Catching my breath after writing my own #metoo article

So, it’s been over a year since my last post, and I know I gotta get back in the saddle. While I have been writing and researching, it just wasn’t about food. As you well know, since last October, the #metoo movement has been all over the media, as allegation after allegation came out about many famous, influential men’s predatory and harassing behavior.

I have my own #metoo story: about a journalism professor I had back at Wayne State, Jack Lessenberry. He retaliated against me professionally after I tried to set boundaries with him about touching. (Just my shoulder. But still, he was mad.) He’s a long-time reporter, and was head of the journalism area at Wayne State… and worse, he was in charge of internships. If you were majoring in journalism at WSU, it was impossible to escape him. In Michigan, and especially metro Detroit, he’s a well-known columnist and journalist. The twist: in print, his politics are very liberal… despite his personal behavior.

Since he’s extremely well-connected in media, I knew it would be very, very difficult to get an article about his harassing behavior published. No one would want to be the first to go public against him. I’m grateful that Allan Lengel, editor at Deadline Detroit, agreed to take this project on and that he helped immensely to see it through.

It took seven months, and over 100 interviews, but it was published in May in Deadline Detroit, titled “Jack Lessenberry’s Long History of Questionable Behavior with Women.”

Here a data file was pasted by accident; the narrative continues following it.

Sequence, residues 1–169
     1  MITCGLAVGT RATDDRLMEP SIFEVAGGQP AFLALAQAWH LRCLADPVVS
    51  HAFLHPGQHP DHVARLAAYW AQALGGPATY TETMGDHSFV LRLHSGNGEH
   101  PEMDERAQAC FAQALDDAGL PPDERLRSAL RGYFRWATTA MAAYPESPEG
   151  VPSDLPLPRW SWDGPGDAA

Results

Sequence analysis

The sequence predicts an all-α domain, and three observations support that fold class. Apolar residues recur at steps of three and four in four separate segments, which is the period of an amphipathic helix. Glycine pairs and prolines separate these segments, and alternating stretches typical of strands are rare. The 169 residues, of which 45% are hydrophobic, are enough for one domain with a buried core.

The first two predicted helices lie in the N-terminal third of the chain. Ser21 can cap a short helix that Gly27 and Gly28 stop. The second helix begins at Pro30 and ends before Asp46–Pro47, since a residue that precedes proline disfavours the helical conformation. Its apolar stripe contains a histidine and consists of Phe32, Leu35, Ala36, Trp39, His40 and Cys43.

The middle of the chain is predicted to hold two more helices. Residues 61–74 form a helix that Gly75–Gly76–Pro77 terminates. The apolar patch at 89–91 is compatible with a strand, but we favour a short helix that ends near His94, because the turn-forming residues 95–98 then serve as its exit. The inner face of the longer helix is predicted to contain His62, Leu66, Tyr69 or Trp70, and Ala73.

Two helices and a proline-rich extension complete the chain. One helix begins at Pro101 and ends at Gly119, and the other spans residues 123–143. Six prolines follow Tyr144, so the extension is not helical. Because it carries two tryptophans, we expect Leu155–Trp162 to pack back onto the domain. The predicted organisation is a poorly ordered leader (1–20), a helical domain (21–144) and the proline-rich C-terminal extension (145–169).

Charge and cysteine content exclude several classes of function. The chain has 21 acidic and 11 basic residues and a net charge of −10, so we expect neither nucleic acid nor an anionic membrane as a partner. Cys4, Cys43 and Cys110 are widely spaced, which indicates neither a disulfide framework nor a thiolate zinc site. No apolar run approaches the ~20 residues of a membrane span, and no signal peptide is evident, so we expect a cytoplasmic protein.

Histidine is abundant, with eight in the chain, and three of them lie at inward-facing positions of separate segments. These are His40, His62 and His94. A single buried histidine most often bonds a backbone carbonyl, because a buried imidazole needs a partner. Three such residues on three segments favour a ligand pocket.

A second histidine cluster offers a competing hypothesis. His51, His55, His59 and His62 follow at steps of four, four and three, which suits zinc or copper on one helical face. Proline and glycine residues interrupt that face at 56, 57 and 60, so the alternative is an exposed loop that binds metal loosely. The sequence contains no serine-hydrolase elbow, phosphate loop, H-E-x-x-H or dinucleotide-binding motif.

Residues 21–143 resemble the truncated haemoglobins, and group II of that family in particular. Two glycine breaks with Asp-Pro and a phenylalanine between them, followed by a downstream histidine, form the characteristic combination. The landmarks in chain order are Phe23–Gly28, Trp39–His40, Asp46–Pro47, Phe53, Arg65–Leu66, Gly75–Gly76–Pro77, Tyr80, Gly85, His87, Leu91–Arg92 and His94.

From the attorney’s report, an email Jack Lessenberry sent to a student.
Because I was both a victim/survivor, I was asked to write a column about the reporting process. I was happy to, mainly to shed light on how someone who had been harassed could also report on her harasser— and remain objective. (I have to give serious shout-out to my reporting partner, Peg McNichol, for keeping me unbiased and focused!)

What I didn’t go into was how exhausting it was. Between the time difference (six hours!) and more importantly, the emotional drain, this was one of the hardest things I’ve ever done.

Now it’s August. Lessenberry has resigned from Metro Times, Michigan Radio, and Wayne State. An independent investigation by an attorney found that Lessenberry would’ve been fired by WSU, since he violated their sexual harassment and discrimination policies. His reputation is badly damaged by the contents of the report, and the Society of Professional Journalists Detroit Chapter revoked his Lifetime Achievement Award. 

Now, almost a month later, I finally feel like the shock has worn off. Part of me is deeply relieved that people are finally believing me about Lessenberry. However, the rest of me is deeply disappointed in his predatory behavior. I keep thinking I should work out how many women he harassed— between our articles, the attorney’s report, and the survivors who didn’t want to go on record— but I just can’t bring myself to do it.

I wished I hadn’t been right about him. But I know that, for the next generation of Wayne State students, the atmosphere is safer.

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